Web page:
Alexandra Pope, staff writer
February 6, 2011 — No relief from winter's wrath for Atlantic Canadians: An intense low pressure system is targeting the region, bringing up to 30 cm for some areas.
Atlantic Canadians woke up to more snow on Sunday.
Cleanup is still ongoing after Wednesday's 'Groundhog Day Storm' and now, another low is tracking across the region.
Parts of the Maritimes, including Moncton, had already received 10 cm by Sunday morning, and 5 to 10 more are expected throughout the day.
According to Shelley Steeves, The Weather Network's reporter in Moncton, the snow was really coming down there by mid-morning. However, the fact that the storm is happening on a Sunday is an advantage, she says.
“Hopefully most people will bunker up and stay home until they have to shovel -- yet again.”
The same system delivered a snow surprise to parts of Ontario Saturday too.
Dayna Vettese, a meteorologist at The Weather Network, says the storm is more intense than it first appeared in models, adding the proximity of large bodies of water tends to drive up snowfall totals in the Atlantic provinces.
“Atlantic Canada has a great moisture feed,” she says.
Parts of southeastern New Brunswick could see up to 30 cm of snow. However, the bigger concern for the rest of the Maritimes is the strong winds associated with the system. Winds on Cape Breton could gust up to 100 km/h, and sustained winds of 40 to 60 km/h with higher gusts are expected for the rest of Nova Scotia and Prince Edward Island. Combined with 20 to 30 cm of snow, that has the potential to create dangerous conditions on the roads.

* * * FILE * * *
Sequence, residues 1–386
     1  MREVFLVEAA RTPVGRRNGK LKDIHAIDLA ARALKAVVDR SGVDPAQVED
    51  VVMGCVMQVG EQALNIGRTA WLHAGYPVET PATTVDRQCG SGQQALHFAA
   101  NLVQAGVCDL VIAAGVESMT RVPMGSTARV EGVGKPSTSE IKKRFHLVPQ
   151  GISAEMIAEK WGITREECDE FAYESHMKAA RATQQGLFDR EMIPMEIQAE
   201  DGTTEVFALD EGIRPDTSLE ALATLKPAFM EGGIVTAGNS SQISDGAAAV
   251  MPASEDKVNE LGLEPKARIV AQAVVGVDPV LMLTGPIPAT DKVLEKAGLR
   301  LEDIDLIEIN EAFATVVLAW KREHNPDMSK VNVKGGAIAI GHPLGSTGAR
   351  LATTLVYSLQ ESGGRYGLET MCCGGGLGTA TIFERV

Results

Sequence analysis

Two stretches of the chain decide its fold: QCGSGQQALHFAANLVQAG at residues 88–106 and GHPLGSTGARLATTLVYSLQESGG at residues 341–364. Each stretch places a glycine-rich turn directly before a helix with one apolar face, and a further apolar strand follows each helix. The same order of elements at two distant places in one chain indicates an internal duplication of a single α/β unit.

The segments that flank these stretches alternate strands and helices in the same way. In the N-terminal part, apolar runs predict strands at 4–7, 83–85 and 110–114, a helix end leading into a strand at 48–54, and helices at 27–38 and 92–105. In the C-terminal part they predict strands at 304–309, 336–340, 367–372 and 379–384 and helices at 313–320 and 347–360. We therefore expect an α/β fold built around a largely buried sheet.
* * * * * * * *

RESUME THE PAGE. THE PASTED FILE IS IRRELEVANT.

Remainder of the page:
Another concern for some communities is where they're going to put this latest batch of snow. Officials in Moncton, which has received over 215 cm of snow already this winter, have voiced concern about the continuous storms that have hit this season and the strain it's putting on the city's annual snow removal budget.
Other cities, like Halifax, are urging residents to do their part to help with snow removal - and fining people who don't do their share.
If there's an upside to this latest system, it's the temperature outlook, says Vettese.
“Temperatures won't be bad - they're hovering close to 0°C.”
The low will start to push into Newfoundland later on Sunday. Snowfall warnings for up to 20 cm are in place for St. John's and the Avalon and Burin Peninsulas. Winds will pick up throughout the day as the snow moves in. The snow could briefly change to rain as well.
Meteorologists at The Weather Network are tracking two more systems on the horizon for Atlantic Canada for early next week.
Keep up to date on your forecast by checking out The Weather Network on TV where the National forecast comes up at the top and bottom of every hour. You can also click our Canadian Cities Index.
With files from Andrea Stockton.